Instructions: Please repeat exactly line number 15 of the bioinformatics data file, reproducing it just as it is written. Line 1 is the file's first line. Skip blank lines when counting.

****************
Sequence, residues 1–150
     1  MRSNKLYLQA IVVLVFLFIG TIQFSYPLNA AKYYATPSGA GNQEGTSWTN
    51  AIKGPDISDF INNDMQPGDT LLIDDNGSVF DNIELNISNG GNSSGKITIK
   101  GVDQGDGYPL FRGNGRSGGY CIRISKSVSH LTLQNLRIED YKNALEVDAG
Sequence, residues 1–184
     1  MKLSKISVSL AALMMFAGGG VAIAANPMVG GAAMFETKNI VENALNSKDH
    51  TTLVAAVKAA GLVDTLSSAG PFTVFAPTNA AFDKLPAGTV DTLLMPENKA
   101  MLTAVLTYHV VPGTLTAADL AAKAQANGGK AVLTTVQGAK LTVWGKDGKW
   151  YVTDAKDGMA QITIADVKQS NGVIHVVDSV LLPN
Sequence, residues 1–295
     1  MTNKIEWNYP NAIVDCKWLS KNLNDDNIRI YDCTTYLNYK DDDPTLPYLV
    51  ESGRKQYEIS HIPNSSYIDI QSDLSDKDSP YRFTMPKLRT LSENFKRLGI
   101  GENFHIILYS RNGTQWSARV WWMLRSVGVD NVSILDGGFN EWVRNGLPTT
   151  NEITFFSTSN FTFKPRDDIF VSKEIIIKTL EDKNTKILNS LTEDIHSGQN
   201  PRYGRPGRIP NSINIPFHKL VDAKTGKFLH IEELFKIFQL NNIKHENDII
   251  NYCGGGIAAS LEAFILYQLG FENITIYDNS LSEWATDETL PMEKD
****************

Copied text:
   201  PRYGRPGRIP NSINIPFHKL VDAKTGKFLH IEELFKIFQL NNIKHENDII